For Your Love
Blessings # 6
Blessings # 6
By: Beverly Jenkins
Releasing April 28th, 2015
ABOUT THE BOOK~
NAACP nominee and bestselling author Beverly Jenkins returns to Henry Adams, Kansas-an unforgettable place that anyone would want to call home-with a story of family, friends, and the powerful forces from our past that can irrevocably shape our future.
Mayor Trent July and his wife Lily are enjoying life as newlyweds and embracing the challenges and joys that come with being adoptive parents to two wonderful boys. But being a father has inevitably forced him to think about his own birth mother. Raised by his grandmother Tamar—and in many ways the good people of Henry Adams—Trent was blessed with a childhood full of love.
But now he can’t help wondering what happened to the scared teenage girl who gave birth to him. And questions that he’s never voiced are now begging to be answered: Who was she? Is she still alive? Why didn’t she want him?
Trent has always believed no good comes from dwelling on the past, especially when you have a loving family, a strong community, and folks who depend on him. But when the past comes to Henry Adams, Trent has no choice but to face it—and the woman who left him behind. The truth will shake his very being and everything he thought he knew about life, love, and the bonds that hold families together…yet can also tear them apart.
ABOUT THE AUTHOR~
Ms. Jenkins is the nation's premier writer of African American historical romance fiction and specializes in 19th century African American life. She has over thirty published novels to date.
She has received numerous awards, including: five Waldenbooks/Borders Group Best Sellers Awards; two Career Achievement Awards and a Pioneer Award from Romantic Times Magazine; a Golden Pen Award from the Black Writer's Guild, and in 1999 was named one of the Top Fifty Favorite African-American writers of the 20th Century by AABLC, the nation's largest on-line African-American book club.
She has also been featured in many national publications, including the Wall Street Journal, People Magazine, Dallas Morning News and Vibe Magazine. She has lectured and given talks at such prestigious universities as Oberlin University, the University of Illinois, and Princeton. She speaks widely on both romance and 19th century African-American history and was the 2014 featured speaker for the W.W. Law Lecture Series sponsored by the Savannah Black Heritage Festival.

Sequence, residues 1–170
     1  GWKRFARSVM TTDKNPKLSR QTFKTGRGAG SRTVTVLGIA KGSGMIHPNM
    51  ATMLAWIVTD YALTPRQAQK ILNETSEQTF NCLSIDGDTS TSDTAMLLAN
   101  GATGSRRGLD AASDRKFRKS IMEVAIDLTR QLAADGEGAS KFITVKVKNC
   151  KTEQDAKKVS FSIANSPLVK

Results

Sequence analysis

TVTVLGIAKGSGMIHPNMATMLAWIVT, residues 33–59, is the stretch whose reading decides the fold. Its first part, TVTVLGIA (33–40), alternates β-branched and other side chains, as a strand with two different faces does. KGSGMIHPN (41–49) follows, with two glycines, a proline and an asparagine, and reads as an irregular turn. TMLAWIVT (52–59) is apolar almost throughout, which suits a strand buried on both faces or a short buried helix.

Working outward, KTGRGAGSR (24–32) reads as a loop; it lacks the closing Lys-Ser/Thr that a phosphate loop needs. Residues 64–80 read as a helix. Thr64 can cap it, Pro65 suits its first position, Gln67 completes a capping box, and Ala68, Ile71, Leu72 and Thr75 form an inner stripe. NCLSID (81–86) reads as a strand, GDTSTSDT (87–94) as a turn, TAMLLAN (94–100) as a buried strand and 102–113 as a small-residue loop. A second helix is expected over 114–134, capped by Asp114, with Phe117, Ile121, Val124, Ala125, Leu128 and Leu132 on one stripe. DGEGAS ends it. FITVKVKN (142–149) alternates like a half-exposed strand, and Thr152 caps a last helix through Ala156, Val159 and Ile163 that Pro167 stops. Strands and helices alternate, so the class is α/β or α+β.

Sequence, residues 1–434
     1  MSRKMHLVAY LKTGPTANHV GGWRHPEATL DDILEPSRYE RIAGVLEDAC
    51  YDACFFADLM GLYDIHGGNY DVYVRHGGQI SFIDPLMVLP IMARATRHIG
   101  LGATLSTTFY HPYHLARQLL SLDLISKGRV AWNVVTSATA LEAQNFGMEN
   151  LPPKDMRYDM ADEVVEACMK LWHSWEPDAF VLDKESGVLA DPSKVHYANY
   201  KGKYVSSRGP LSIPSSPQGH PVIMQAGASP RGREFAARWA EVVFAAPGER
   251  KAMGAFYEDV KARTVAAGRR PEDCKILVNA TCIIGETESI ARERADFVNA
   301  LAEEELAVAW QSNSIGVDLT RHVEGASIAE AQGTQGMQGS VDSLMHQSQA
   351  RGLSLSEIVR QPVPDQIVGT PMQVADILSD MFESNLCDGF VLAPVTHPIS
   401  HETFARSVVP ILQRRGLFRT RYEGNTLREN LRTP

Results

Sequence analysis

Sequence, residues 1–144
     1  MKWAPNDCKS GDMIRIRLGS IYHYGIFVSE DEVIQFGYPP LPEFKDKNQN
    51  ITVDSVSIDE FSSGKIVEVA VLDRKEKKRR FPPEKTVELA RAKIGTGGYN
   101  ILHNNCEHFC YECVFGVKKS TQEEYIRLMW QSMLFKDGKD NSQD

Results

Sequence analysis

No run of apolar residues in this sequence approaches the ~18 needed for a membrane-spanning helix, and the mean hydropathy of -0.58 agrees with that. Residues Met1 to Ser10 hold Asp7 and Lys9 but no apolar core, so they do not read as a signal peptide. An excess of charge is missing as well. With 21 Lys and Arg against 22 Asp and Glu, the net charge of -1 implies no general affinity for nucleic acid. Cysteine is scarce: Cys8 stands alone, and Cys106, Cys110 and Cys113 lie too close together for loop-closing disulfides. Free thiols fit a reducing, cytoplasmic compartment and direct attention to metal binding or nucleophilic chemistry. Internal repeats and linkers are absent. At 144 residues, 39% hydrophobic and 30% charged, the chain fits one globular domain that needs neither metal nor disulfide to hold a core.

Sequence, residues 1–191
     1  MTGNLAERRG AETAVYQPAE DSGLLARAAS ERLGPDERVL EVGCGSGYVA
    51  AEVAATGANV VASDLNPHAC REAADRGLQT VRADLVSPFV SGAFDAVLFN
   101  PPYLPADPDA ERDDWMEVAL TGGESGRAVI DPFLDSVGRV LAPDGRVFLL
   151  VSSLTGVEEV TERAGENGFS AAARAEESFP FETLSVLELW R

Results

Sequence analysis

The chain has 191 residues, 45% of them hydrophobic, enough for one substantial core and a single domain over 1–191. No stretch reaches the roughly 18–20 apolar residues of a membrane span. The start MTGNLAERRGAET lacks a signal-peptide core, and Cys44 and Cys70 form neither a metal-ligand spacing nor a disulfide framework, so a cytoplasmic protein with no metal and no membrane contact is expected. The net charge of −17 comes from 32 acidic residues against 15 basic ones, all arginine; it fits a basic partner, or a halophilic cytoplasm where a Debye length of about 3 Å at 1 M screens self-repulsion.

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Rita Lynn Babcock had a good life. At the age of sixty two she had no health issues, her husband Paul, a cardiac surgeon, still loved her madly, and their daughter, Val was founding partner of an eponymous law firm. Rita was thankful for her blessings but at the moment, her heart was heavy. Two days ago, she’d buried her mother, Ida Merchant. Except for an indiscretion Rita committed at the age of seventeen, they’d never shared a cross word. Now, Rita Lynn and Paul were meeting with their lawyer in his office to discuss Ida’s will.
“Please, have a seat.”
The lawyer, Dexter West was an old college friend of Paul’s and he took a moment to look through the stack of papers before him as if to make sure all was in order. The estate wasn’t large. Ida hadn’t been wealthy by any means but she’d been well loved and until her stroke eighteen months ago, maintained her own home and finances.
With Dexter’s guidance, Rita and Paul made the final arrangements for Ida’s earthly possessions, from her house to the ten year old, sky blue Toyota she’d lovingly called Gladys. Her extensive cache of African American history books was donated to the local library, and all the money left in her bank account after her bills were paid would be going to True Saints AME, the church she’d worshipped in and loved for over a half –century. As executrix, Rita affixed her signature to each document Dexter slid her way, and when they were all done, she put her finger tips to the corners of her teary eyes to staunch the flow.
Paul gave her shoulder a tender squeeze and said softly, “It’s okay, babe.” Five years ago, they’d buried his beloved mom, so he understood her grief.
“There’s one more thing,” Dexter said gently. He handed her a sealed envelope. “Your mother gave this to me a few years back. She asked me to hold onto it until her passing.”
Rita paused. “What is it?”
“You should read it.”
His face told her nothing but she had a strong sense of foreboding. She looked to Paul and received a reassuring nod. The letter was one page and penned in her mother’s strong handwriting. She read the beginning silently but by the mid –point her eyes widened and she whispered in a shocked and broken voice, “No!” The further she read the louder her, “No!” echoed until she was screaming the denial again and again from the depths of her broken heart.